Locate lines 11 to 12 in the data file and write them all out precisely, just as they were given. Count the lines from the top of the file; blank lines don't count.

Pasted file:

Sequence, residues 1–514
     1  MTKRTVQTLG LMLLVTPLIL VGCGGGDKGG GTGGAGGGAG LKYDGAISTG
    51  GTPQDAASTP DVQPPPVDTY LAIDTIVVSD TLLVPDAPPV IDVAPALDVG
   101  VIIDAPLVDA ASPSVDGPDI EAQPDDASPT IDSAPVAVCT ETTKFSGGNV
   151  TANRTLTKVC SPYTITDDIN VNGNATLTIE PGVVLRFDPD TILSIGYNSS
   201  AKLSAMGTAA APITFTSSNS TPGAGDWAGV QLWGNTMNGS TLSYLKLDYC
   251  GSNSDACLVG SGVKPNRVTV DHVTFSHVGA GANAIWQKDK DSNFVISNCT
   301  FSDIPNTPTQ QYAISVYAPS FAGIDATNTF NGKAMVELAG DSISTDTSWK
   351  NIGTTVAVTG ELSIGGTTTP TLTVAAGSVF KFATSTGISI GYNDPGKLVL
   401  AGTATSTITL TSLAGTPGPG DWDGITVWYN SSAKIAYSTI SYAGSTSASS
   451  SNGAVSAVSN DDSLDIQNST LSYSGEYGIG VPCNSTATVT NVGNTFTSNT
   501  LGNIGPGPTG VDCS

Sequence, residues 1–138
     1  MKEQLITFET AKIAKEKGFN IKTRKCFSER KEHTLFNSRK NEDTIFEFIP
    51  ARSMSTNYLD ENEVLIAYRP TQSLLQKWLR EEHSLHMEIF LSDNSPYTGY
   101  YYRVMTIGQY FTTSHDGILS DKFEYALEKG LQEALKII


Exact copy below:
   451  SNGAVSAVSN DDSLDIQNST LSYSGEYGIG VPCNSTATVT NVGNTFTSNT
   501  LGNIGPGPTG VDCS